And then the direct payments.  That is a big-ticket item and that is what we are working on now.  Where do we get the most return for the best help to our people who are desperate?  People are desperate.  They are heartbroken because of loss of life, threat to life.  But so many aspirations professionally, businesses, community involvement and the rest are so stifled by what is happening and we really have to address that.  And if we don't, it will cost us a lot more money. 

So, this is a prevention in many ways.  It is preventing a greater loss.  You know, it is an opportunity.  It is an opportunity to do something working together that people, ordinary people, day-to-day people, I don't think anybody is ordinary, but you know – they can say they are doing something that really affects me, instead of some trickle-down attitude that they seem to be used to, and it does not feel nice to get trickled on.

David Westin.   Madam Speaker, it is clear you find this urgent.  You’ve said why you think it is urgent.  On the other hand, we hear from the Republicans, some of them, saying, ‘Let's wait and see how the first bills work out.’  Can you give us a sense of timing?  I know you are going to chairs, talking about what should be included.  Can we expect a plan by, for example, next week? 

Speaker Pelosi.  We could.  We could, because I disagree with our colleagues.  I totally disagree.  It is urgent.  People are dying.  People are suffering.  We want to open up our economy.  People want out.  But the key to getting out is testing.  These are all related, and they are related, in every way, to data.  To data. 

They did not mind coming back with more money for this or that without any data as to what was working best but when it comes to feeding people, they can wait for that.  And that is a matter of health and well-being of the American people.  So, I completely disagree with that.  While I think it is important to learn from legislation we passed in every case, but that should not deter us or block us from meeting the urgent needs of the American people.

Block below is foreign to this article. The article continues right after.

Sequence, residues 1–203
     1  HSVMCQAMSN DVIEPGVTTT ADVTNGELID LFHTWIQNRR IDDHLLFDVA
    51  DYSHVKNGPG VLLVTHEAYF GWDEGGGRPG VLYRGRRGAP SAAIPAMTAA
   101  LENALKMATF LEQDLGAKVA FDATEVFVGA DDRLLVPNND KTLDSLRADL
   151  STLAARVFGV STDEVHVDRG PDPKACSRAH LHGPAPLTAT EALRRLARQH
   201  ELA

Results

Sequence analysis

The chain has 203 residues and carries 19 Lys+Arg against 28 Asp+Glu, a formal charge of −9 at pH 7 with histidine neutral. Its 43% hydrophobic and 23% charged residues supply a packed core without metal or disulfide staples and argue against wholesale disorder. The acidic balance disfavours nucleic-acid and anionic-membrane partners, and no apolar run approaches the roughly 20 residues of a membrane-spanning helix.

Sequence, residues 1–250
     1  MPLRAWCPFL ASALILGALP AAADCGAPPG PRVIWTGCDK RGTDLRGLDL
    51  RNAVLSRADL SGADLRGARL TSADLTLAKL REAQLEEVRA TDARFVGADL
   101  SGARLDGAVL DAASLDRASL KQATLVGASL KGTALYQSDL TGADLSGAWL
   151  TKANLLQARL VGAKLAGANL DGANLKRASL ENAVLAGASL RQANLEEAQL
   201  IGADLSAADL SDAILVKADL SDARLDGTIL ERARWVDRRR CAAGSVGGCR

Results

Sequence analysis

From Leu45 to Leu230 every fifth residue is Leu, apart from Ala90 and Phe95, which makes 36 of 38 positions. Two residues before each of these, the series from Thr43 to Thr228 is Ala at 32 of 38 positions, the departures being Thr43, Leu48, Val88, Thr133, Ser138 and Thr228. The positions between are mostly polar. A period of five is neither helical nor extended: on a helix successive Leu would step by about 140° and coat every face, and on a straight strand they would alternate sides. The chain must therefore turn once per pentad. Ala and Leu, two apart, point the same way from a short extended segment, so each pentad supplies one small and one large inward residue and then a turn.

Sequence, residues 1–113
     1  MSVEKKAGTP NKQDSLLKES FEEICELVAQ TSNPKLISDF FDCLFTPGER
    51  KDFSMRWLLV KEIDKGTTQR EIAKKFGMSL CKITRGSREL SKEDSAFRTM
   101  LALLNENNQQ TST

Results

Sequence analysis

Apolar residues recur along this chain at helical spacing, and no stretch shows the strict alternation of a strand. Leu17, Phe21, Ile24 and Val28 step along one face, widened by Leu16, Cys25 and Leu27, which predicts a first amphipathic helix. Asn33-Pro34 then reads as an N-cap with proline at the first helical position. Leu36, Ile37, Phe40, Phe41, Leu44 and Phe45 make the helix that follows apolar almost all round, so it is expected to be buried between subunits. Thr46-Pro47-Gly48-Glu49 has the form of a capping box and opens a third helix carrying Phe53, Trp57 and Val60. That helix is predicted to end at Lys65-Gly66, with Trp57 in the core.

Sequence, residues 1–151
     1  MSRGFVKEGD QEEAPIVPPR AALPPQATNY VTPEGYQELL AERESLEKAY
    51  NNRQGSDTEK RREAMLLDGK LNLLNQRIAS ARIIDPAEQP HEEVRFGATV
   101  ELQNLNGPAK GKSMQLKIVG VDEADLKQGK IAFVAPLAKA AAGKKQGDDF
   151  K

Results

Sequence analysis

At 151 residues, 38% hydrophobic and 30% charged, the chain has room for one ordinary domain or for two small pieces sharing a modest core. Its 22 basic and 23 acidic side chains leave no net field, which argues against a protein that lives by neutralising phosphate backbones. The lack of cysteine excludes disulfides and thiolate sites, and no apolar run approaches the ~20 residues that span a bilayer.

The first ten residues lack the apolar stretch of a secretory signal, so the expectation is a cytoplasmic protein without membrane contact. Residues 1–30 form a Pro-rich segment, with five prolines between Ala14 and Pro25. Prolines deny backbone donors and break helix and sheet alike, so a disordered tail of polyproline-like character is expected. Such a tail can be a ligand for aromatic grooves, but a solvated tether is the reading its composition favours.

And I think that there are people in the American public – when you ask these questions in the country, the bipartisan support for them is overwhelming for honoring our heroes, state and local, testing and the rest, the postal service, all these things have very broad support, among Republicans as well. 

We are talking about public sentiment coming to the rescue of our country, of our democracy, really.  Because, so much of what – the middle class is the backbone of our democracy, and those who aspire to it.  And, if we are undermining that, that undermines our democracy. 

And we do have money in for voting, by the way.  We have money in there for voting, for vote by mail, which we think is a health imperative now.  Democrats and Republicans support vote by mail.  But, right now, it is imperative.  That is a small item in the scheme of things.

David Westin.  I was going to ask you about that, is that essential from your point of view?  You have talked before about vote by mail this coming November.  

Speaker Pelosi.  Well, vote by mail is something – again, everything we are talking about has bipartisan support.  And vote by mail does, as well.  The National Association of Secretaries of State, which is headed by a Republican president or chairman or whatever they call him, has written to us to say, ‘Remove some of the obstacles to voting by mail that were in CARES 1.’